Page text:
Senegal 'arrests' suspected coup plotters
The arrests came hours before a protest rally against the government scheduled for Saturday in the capital Dakar.
Last Modified: 19 Mar 2011 02:00
The arrests were announced hours before a protest rally against the government of President Abdoulaye Wade scheduled for Saturday on the 11th anniversary of his presidency [EPA]

Authorities in Senegal have arrested a number of suspects believed to have been plotting a coup d'etat in the West African state.

"The state prosecutor has decided to nip in the bud a plot aimed at a coup d'etat by arresting a number of individuals identified as members of the plot," Justice Minister Cheikh Tidiane Sy said in a statement read out on state television on Saturday.

Tidiane Sy said authorities had learned that "commandos" linked to opposition groups had been planning a number of actions around the capital which would have resulted in deaths.

He said the suspects had targeted areas including the sprawling Sandaga market in downtown Dakar, a stretch of the corniche road which runs around the city centre, and the working class Parcelles-Assainie district further north. He gave no further details.

Saturday's protest

The arrests were announced hours before a protest rally against the government of President Abdoulaye Wade scheduled for Saturday in the capital Dakar and which has been backed by a broad coalition of opposition parties.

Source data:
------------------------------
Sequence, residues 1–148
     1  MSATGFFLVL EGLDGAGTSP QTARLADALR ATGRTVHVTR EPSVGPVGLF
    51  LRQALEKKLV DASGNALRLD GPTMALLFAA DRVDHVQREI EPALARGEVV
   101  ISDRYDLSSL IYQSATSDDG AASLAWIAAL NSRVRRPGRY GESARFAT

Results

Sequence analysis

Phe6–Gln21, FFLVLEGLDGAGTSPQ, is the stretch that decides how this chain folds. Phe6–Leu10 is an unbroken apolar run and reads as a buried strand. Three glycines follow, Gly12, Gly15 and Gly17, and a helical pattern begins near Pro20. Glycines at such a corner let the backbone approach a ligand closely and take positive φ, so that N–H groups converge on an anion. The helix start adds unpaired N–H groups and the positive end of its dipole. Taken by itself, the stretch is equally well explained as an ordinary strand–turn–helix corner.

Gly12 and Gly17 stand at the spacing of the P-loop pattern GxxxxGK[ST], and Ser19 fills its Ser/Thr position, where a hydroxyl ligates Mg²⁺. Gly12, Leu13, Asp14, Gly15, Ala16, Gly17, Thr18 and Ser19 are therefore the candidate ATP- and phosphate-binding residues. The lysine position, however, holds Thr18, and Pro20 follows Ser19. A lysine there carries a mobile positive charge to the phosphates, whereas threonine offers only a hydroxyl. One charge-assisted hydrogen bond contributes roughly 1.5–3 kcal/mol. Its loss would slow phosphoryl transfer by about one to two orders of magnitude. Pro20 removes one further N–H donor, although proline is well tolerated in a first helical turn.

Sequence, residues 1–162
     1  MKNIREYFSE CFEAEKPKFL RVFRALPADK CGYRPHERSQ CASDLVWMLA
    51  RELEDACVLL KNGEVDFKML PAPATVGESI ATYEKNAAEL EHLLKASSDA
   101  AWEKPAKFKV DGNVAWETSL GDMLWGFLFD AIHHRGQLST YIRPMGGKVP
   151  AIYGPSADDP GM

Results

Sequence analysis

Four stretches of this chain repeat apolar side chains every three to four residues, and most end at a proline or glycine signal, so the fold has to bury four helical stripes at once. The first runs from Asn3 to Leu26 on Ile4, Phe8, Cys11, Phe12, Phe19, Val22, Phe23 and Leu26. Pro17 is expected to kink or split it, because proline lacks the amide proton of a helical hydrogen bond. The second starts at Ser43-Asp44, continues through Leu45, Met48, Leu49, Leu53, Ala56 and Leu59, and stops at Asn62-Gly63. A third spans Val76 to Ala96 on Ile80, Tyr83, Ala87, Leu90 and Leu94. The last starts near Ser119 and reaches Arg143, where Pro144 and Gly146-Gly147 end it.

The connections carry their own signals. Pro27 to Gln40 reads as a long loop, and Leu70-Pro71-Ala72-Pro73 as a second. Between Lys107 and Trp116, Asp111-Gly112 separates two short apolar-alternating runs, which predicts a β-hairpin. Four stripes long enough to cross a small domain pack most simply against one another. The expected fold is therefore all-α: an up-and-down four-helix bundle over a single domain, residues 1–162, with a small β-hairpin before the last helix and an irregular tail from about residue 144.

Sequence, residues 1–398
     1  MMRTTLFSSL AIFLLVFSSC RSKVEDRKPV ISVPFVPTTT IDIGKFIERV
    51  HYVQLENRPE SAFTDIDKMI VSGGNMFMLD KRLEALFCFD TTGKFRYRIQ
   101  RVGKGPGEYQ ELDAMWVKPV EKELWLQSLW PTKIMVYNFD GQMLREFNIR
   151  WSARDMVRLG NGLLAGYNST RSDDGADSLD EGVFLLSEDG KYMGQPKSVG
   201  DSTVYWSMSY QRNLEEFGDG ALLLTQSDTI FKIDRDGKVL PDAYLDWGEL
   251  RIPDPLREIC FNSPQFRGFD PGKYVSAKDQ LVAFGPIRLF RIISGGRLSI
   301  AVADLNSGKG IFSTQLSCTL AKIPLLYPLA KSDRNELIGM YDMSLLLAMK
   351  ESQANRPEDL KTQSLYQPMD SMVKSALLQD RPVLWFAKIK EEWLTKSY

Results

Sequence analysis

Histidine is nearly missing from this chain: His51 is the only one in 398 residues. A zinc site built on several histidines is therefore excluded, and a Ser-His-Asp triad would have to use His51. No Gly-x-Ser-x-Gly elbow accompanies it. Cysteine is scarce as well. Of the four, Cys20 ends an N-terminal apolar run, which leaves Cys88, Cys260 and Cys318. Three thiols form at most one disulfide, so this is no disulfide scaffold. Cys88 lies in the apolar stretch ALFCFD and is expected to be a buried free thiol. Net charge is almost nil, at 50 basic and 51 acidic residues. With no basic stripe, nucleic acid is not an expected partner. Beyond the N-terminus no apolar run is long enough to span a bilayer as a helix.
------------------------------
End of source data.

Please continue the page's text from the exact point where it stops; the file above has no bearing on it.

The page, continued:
The protest marks the 11th anniversary of Wade's presidency and is being held in Dakar's central Independence Square, which organisers are dubbing "Tahrir Place" for the day in homage to the epicentre of Egypt's uprising.

Tidiane Sy confirmed the demonstration would be allowed to be held as planned.

Few expect the protest to gain the momentum being seen across the Middle East, although it is being closely watched for how big a turnout the country's fragmented opposition can draw less than a year before Wade faces re-election in February 2012.

Opposition leaders accuse the octogenarian leader of bending constitutional rules to allow himself to stand for a third term, and suspect him of nurturing plans to engineer the succession of his son Karim Wade as president afterwards -- charges he denies.

The mostly Muslim country is rare in the region in that it has a tradition of peaceful transition of power through the ballot box.

Recently donors have raised concerns about levels of official corruption, which Wade has said he is determined to fight.

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